CGNY: This is I suppose I would say has the feel of an orchestral album (if that’s a fitting description!) Not simply laying down a bass and a melody. If it had been made pre-electronic music it might be made in a classical way. What do you use to compose?
LF: I use Ableton live as software and dryers like TB-303 and Roland 909. But honestly, 90% of my tracks are recorded on my bed, with the laptop and a headset. Then I go to a professional studio band and mastering is done in Berlin. But "estudio" is my bed, hehe ... it leaves the music even more spontaneous, really. Ah, I like to record all kinds of noise, with a tape recorder ... whether it's at a party, riding a bus or in a restaurant ... sound ambient, you know?
CGNY: So what inspired this album?
LF: When I had this severe depression I had left the music (I worked with music since I was a child). I was frustrated. It had no meaning for me. Completely lost musically. When I left the hospital, my therapist suggested that I come back to record, just for me, as an escape valve, you know? I recorded more than 50 songs and released the first album (Love is Hell, 2014) ... a melancholy, confusing album (just like my mind was). To my surprise, the album was very well received by the local media and caught the attention of a Berlin label (Antime). They released the digital record. Later I did a tour (playing a live set) in Germany. In this period I was already composing "The Outsider", which was released months later, on vinyl and digital.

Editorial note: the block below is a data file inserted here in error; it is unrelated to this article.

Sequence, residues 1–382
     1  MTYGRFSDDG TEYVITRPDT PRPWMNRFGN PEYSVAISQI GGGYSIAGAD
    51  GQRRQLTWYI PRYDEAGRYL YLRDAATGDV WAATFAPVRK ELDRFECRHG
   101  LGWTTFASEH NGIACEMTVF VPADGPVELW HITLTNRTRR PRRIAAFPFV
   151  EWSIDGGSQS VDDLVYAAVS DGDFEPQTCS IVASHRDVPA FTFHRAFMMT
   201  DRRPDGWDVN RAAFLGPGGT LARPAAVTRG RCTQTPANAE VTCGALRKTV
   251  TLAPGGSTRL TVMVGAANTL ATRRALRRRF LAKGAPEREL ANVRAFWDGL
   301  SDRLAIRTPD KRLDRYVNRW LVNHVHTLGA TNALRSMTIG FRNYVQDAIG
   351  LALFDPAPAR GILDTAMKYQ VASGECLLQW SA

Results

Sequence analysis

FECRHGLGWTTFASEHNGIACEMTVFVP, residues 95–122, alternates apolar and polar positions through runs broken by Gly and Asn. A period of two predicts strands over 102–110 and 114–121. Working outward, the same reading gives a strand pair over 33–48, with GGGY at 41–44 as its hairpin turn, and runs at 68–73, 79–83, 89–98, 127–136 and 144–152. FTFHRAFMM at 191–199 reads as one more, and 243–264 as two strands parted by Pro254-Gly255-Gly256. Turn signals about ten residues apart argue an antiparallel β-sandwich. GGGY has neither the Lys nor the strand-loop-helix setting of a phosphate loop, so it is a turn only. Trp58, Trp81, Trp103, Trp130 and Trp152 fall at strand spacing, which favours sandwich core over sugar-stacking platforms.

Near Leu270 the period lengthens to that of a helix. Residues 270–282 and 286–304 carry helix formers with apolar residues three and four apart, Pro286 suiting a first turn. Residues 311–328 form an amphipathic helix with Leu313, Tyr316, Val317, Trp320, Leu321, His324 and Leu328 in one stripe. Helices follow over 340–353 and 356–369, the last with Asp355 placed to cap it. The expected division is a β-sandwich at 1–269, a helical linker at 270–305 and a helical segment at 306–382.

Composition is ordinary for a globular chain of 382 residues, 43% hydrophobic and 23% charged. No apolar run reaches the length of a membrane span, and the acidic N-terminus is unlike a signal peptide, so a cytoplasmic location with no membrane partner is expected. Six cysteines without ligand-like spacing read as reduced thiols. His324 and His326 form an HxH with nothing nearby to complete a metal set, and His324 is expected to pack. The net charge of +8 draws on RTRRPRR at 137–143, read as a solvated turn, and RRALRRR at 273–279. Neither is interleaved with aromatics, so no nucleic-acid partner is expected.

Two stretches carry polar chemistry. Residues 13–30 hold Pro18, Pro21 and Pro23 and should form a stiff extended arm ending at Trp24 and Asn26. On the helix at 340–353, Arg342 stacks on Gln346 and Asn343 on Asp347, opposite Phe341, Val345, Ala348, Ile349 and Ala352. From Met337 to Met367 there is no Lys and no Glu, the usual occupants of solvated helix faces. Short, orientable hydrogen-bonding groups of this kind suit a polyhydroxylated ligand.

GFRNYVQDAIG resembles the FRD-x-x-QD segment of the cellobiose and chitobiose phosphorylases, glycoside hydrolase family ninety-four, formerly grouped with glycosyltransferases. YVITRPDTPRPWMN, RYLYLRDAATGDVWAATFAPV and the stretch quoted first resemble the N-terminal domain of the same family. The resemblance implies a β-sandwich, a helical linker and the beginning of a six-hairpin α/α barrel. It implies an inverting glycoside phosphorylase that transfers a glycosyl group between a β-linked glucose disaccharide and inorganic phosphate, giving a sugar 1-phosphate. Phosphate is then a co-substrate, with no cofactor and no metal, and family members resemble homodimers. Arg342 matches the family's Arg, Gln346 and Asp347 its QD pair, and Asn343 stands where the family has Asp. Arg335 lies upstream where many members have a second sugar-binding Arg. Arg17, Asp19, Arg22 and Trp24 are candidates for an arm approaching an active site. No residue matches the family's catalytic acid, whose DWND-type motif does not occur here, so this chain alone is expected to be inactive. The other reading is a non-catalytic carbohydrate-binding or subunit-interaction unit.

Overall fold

CGNY: Got it! It’s the beauty of technology really isn't it? You can make music wherever!
LF: I love it... exactly.
CGNY: Tell me about the Thump pieces? Nice recognition there for your releases!
LF: About Thump: both albums had positive reviews by Thump (Brazil) And the second and most recent single from the album (Richard Clayderman) was premiered by Germany's Thump as well ... the video was directed by Max Luz (who already directed videos for Moderat, for example).
CGNY: So who does your music promotion and bookings?
LF: I only work with my label (Antime). They are responsible for the release of the album in Europe exclusively. I have no agent. We met in an electronic music forum on Facebook ... at the time, I posted my soundcloud with some tracks and we met there. We built a great friendship.
CGNY: I was walking my dog (in Ireland) and when I heard that opening from David Foster Wallace I literally had to stop! I felt like I'd been thumped in the chest! In a good way! There are often vocals at the beginning of a track but this is supremely effective and then you go into the 'booty trip" riff which I wasn’t expecting at all. Was that a particular choice as a contrast to the heaviness of the Wallace intro?
LF: First ... the samples in the Outsider...